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Sunday, 1 May 2016

The Red house in Monschau | MONSCHAU | Rococo staircase carved in oak | 18th century interiors and rooms | Carved Wainscoting in oak

The Red House in Monschau


In this blog entry I'll give you a tour of the Red House in Monschau. This small German town located on the outskirts of the Eifel, only a fifteen minutes drive from Eupen . (Eupen is in German-speaking town in Belgium).
The most striking building in this picturesque town is the Red House, a building from the 18th century, an Rococo oak staircase, carved Wainscoting in oak  and sculpted period style furniture in Aachen Rococo style are the highlights of this wonderful Museum.


The Red House is an eloquent testimony of the flowering period of woollen cloth fabrication in Monschau during the 18th century. On the point of confluence of the rivers Rur and Laufenbach the high building neighbouring the protestant Church gives a dominating accent to the architectural lay-out of this small city.

The clothier and merchant Johann Heinrich Scheibler, founder member of the Monschau 'Fine Clothiers' Guild, had it around 1760 as his residence and office; a double building under one big curb roof with two richly sculpted portals crowned by escutcheons with the names: the left 'To the Golden Helmet', the right 'To The Pelican'.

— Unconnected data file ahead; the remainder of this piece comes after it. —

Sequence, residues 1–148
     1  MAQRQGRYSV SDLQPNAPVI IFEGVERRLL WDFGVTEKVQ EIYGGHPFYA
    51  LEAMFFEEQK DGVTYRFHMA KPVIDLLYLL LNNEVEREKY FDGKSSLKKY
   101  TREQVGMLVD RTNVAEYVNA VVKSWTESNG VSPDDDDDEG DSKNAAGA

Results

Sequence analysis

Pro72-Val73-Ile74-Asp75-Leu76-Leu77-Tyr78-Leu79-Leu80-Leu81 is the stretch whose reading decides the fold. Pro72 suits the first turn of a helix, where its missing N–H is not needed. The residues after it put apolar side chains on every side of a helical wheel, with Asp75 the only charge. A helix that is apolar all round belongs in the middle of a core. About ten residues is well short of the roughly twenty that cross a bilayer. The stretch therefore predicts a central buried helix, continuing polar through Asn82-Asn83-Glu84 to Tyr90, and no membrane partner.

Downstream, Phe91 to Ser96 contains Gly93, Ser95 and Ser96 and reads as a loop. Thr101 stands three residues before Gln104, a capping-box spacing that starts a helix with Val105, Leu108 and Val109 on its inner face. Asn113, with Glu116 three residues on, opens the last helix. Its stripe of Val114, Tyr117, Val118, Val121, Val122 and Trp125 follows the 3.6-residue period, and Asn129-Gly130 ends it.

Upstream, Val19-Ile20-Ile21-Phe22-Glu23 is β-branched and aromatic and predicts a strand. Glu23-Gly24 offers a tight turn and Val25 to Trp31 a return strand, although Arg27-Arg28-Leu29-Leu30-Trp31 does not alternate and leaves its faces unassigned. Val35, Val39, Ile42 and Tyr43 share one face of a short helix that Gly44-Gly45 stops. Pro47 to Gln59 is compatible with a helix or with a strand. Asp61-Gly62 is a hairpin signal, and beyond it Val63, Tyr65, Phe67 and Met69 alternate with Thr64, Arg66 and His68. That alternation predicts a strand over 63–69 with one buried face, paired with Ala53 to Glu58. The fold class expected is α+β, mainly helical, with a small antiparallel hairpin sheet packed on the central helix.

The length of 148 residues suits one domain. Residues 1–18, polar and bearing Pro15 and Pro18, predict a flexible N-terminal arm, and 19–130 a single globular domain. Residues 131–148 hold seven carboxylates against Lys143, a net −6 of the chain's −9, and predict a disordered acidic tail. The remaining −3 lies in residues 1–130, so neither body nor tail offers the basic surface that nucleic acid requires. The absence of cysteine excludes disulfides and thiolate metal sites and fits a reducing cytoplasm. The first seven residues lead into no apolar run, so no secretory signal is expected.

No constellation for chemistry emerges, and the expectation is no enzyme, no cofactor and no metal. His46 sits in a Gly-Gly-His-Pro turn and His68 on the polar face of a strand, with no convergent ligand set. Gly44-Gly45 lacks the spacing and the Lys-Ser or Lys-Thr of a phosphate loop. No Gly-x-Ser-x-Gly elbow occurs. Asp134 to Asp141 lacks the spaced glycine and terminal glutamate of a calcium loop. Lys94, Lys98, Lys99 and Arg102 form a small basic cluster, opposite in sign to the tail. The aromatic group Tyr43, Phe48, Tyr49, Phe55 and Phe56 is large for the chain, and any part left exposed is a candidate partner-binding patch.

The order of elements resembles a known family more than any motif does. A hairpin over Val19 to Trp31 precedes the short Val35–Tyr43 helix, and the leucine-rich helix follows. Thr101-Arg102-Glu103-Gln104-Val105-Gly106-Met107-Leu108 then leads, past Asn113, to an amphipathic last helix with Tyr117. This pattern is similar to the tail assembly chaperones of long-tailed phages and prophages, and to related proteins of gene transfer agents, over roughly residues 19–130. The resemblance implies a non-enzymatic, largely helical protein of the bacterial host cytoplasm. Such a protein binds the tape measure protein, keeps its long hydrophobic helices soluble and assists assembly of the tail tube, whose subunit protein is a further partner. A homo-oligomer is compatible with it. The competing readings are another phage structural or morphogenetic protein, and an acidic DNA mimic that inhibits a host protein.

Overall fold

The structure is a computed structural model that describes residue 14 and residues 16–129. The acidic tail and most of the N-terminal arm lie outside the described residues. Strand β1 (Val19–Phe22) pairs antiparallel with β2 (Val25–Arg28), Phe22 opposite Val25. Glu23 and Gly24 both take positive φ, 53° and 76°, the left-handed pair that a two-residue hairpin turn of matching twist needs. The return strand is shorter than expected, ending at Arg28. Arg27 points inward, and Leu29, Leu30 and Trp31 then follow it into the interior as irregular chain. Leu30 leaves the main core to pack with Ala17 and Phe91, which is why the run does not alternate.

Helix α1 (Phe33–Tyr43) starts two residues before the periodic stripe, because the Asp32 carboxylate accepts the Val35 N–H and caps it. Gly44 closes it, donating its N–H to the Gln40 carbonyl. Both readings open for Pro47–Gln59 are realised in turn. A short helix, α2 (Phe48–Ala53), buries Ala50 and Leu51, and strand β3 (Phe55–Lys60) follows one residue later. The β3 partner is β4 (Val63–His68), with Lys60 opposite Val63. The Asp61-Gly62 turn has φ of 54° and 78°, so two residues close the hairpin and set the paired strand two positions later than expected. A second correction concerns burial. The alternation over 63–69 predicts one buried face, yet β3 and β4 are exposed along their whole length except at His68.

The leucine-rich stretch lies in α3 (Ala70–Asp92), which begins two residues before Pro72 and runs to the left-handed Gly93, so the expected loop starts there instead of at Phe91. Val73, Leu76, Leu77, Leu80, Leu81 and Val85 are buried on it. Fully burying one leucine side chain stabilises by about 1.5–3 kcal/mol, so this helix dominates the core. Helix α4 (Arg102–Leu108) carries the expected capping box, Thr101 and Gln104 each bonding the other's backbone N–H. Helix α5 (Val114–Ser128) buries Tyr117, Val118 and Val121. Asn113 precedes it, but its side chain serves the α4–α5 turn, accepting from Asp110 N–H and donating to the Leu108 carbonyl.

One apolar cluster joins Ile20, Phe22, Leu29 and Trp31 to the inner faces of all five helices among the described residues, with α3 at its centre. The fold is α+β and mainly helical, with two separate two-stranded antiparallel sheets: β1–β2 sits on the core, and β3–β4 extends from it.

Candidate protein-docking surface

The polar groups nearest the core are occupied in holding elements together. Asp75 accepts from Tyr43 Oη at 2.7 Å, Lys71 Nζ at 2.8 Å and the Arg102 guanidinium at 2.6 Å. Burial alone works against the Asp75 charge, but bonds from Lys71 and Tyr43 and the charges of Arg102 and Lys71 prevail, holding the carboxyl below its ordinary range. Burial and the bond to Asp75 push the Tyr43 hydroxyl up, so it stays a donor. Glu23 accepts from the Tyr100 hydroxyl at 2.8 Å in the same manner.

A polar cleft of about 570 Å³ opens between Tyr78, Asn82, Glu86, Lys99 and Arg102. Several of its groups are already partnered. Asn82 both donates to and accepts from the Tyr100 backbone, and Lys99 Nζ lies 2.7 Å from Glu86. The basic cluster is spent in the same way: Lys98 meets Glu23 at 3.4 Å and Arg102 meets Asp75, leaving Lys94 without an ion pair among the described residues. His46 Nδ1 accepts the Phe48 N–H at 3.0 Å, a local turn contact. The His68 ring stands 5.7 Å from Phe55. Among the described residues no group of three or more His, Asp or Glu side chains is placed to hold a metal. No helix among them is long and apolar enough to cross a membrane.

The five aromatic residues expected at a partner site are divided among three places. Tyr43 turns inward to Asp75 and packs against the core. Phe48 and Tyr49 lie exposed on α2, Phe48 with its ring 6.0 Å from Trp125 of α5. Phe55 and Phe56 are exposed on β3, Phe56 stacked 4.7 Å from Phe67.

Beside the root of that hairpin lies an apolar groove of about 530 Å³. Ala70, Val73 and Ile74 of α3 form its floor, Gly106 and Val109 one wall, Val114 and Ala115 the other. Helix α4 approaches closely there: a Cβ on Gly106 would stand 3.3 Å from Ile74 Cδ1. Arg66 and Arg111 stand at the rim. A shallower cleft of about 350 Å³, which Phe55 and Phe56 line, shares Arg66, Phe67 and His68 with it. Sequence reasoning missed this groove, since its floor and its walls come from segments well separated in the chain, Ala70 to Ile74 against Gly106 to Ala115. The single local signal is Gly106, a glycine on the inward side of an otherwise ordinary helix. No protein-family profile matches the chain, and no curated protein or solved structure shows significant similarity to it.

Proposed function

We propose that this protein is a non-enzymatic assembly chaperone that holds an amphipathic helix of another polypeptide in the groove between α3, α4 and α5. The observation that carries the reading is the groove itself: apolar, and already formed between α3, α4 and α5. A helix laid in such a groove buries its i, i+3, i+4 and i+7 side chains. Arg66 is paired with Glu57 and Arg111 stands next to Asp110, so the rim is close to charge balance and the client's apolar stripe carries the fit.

Designed and decorated consecutively in late Rococo, French Louis XVI and Empire style, the Red House is an exquisite showcase of bourgeois living culture in the Eifel mountains between Aachen (Germany) and Liège (Belgium) in the time around 1800.


18th century interiors and rooms  | Red House Monschau

A carved house door


The entrance Hall in the left residential part offers a decorative ensemble of the 1760ies of admirable unity topped by the unsupported upgrowing spiral of the gracious wooden staircase; marble painted walls, crystal chandeliers, gold-framed mirroirs; above a settee the portraits of the first owner J.H. Scheibler and his wife Maria.

You can look through the spiral of the dark oak wooden staircase up to the 3rd floor. On its outside railing 21 reliefs show images of putti illustrating the domestic cloth-manufacture: from the grazing Merino-wool-sheep to the transport of the final cloth bales; on its inner railing other reliefs show allegories of the four seasons , starting with spring, of the day times and the four elements: fire, water, air, earth.



Rococo staircase carved in oak